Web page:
by Mike Masnick
Mon, Jul 11th 2011 8:59am
People talk about patent laws as if they're about "protecting property." If only that were true. In most cases, they seem to be about the exact opposite. They're about getting paid for things that don't belong to you and which you had absolutely nothing to do with. Take, for example, Google's Android operating system. Microsoft has been using its patents to demand a cut of every Android phone. In fact, people have pointed out that Microsoft is likely going to make more money from Android than it makes from its own competing mobile operating system. Now add to that Oracle's decision to demand $15 to $20 for every Android device, and what you get seems like highway robbery. You have two companies -- Oracle and Microsoft -- who have done absolutely nothing to contribute to Android in any way, but who are both using large questionable patent portfolios to demand a cut. That's not protecting or encouraging innovation. That seems like the exact opposite. It seems to be shaking down people for cash that they have no right to. I'd argue that's much more like "theft" than anyone who infringes on a patent by building something the market wants.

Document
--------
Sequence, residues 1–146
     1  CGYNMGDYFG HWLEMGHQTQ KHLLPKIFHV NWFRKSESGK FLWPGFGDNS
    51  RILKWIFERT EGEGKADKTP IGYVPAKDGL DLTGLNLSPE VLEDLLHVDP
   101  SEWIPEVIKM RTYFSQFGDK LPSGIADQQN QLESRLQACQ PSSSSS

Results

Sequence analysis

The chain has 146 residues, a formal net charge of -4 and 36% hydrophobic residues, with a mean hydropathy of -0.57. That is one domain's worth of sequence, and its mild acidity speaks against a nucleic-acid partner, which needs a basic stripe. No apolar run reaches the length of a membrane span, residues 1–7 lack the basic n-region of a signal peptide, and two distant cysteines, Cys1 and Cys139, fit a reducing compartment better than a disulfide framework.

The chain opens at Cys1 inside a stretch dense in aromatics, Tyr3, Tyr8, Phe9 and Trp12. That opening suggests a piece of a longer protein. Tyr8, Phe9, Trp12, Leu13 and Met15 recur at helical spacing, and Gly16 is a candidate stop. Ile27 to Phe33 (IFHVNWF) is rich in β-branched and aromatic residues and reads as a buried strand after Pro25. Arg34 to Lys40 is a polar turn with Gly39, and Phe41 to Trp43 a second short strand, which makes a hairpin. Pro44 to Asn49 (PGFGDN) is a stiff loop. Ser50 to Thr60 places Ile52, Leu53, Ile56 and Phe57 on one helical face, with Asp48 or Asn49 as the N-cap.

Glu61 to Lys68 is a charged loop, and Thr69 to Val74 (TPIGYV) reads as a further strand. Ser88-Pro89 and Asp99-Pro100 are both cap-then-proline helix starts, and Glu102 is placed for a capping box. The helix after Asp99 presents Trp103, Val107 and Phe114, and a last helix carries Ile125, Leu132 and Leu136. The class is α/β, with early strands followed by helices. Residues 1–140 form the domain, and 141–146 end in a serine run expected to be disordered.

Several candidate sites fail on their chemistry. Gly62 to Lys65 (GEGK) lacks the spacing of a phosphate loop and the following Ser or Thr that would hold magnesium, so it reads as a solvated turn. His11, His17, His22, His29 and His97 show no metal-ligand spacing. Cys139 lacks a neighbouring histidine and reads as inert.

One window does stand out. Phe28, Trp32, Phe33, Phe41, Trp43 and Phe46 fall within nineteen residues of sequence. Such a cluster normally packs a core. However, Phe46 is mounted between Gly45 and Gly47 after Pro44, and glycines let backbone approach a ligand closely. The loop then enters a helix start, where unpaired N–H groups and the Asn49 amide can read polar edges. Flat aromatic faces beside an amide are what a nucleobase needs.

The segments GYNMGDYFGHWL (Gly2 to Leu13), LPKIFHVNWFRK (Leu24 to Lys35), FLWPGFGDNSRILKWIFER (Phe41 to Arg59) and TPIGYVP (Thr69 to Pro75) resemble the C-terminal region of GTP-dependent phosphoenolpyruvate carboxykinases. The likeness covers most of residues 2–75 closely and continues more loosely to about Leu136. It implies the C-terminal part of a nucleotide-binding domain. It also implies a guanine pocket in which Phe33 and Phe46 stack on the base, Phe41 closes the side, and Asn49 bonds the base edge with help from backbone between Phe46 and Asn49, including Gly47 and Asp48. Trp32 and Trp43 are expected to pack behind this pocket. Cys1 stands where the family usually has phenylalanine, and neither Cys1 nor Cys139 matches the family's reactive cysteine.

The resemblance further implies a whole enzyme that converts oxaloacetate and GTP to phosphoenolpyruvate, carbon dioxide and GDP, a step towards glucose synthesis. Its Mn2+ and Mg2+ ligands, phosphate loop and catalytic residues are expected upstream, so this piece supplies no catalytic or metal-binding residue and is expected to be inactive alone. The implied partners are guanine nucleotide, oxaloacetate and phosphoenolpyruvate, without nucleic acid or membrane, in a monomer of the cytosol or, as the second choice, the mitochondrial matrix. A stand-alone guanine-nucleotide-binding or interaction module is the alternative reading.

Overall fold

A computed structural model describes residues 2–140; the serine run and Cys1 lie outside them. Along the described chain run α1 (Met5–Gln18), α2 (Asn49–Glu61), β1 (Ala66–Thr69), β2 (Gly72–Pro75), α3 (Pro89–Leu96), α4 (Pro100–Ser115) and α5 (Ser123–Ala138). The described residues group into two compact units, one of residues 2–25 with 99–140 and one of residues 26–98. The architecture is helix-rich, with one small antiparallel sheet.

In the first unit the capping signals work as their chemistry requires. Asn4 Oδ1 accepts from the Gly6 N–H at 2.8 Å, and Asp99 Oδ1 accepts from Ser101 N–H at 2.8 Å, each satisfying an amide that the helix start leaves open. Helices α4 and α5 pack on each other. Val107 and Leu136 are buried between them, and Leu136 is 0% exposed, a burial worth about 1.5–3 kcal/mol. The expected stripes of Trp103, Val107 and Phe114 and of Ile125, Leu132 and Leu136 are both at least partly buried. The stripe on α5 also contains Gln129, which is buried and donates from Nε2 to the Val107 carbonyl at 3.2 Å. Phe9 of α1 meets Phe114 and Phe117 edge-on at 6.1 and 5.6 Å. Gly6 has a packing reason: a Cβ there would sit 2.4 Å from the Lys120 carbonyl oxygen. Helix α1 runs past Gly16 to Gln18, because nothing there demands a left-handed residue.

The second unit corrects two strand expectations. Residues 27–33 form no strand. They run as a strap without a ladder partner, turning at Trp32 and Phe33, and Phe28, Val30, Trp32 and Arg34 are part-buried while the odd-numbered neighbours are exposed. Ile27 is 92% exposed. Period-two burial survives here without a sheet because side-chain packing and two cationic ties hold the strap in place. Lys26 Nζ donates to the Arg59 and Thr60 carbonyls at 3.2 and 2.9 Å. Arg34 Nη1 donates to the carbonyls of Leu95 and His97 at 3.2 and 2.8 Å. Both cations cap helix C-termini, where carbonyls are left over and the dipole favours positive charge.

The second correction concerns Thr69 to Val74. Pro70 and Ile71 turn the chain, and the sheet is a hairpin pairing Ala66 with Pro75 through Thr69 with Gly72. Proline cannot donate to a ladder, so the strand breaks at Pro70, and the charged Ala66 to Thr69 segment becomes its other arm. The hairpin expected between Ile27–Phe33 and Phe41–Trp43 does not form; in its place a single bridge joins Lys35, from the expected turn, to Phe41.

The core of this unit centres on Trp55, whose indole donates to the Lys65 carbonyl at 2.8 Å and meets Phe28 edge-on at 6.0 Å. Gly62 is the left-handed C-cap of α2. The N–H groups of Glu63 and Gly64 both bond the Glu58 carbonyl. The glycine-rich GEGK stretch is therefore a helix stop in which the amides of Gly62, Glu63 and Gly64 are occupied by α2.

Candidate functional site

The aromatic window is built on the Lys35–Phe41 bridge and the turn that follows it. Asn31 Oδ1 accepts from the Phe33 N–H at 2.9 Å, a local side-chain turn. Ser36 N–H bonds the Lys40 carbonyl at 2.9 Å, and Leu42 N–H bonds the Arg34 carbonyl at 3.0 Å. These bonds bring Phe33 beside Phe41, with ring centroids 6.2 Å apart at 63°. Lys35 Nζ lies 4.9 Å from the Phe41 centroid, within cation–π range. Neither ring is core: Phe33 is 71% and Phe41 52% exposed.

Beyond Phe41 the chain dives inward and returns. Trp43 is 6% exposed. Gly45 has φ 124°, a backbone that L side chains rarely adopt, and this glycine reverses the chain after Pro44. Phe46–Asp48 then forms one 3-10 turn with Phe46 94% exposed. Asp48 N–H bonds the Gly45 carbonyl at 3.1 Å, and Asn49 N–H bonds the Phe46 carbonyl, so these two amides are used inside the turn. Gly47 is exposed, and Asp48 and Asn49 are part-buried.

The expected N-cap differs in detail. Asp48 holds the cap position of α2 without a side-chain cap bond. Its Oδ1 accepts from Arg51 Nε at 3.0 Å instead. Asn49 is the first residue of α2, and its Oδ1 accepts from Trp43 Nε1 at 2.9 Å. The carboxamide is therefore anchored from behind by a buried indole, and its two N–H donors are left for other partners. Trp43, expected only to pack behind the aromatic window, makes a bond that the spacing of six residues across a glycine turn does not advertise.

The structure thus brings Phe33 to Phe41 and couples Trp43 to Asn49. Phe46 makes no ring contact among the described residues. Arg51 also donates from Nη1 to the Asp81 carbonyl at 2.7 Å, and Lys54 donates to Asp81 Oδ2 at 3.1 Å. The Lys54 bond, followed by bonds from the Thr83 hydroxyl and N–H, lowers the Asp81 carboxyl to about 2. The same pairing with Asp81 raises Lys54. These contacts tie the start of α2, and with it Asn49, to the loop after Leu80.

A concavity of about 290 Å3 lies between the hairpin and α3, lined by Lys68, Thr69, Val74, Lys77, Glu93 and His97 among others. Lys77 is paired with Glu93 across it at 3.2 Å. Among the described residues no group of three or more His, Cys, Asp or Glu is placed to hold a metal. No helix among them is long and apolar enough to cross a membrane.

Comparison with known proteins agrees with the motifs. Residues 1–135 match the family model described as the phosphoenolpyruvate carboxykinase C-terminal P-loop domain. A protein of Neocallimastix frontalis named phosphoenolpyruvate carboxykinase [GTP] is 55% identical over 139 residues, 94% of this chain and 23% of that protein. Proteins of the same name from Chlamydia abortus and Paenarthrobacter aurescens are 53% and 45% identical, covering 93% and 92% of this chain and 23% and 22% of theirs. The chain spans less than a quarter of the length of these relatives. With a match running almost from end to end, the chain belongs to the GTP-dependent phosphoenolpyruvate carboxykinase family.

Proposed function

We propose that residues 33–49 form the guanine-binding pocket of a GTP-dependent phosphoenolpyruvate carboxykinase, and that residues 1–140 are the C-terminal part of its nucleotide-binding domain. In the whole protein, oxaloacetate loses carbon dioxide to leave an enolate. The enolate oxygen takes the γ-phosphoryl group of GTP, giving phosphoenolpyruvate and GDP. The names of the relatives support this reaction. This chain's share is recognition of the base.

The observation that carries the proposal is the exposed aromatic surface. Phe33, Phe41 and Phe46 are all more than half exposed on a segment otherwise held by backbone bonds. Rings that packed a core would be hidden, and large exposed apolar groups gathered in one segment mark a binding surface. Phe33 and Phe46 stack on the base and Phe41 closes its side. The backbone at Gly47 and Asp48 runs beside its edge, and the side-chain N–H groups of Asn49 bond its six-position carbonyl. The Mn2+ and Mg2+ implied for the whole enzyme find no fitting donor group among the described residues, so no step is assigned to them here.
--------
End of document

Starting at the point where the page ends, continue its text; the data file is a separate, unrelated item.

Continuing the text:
If you liked this post, you may also be interested in...
- Guy Who Wants Everyone To Believe He Created Bitcoin, Now Patenting Everything Bitcoin With An Online Gambling Fugitive
- AT&T, Verizon Feign Ethical Outrage, Pile On Google's 'Extremist' Ad Woes
- Confidence Wavers In Google Fiber As ISP Cancels Installs, Refuses To Explain Why
- Supreme Court Says Patent Trolls Can Wait A While Before Suing
- Eli Lilly Loses Quixotic Quest To Get Canada To Pay $500 Million For Rejecting Its Bad Patents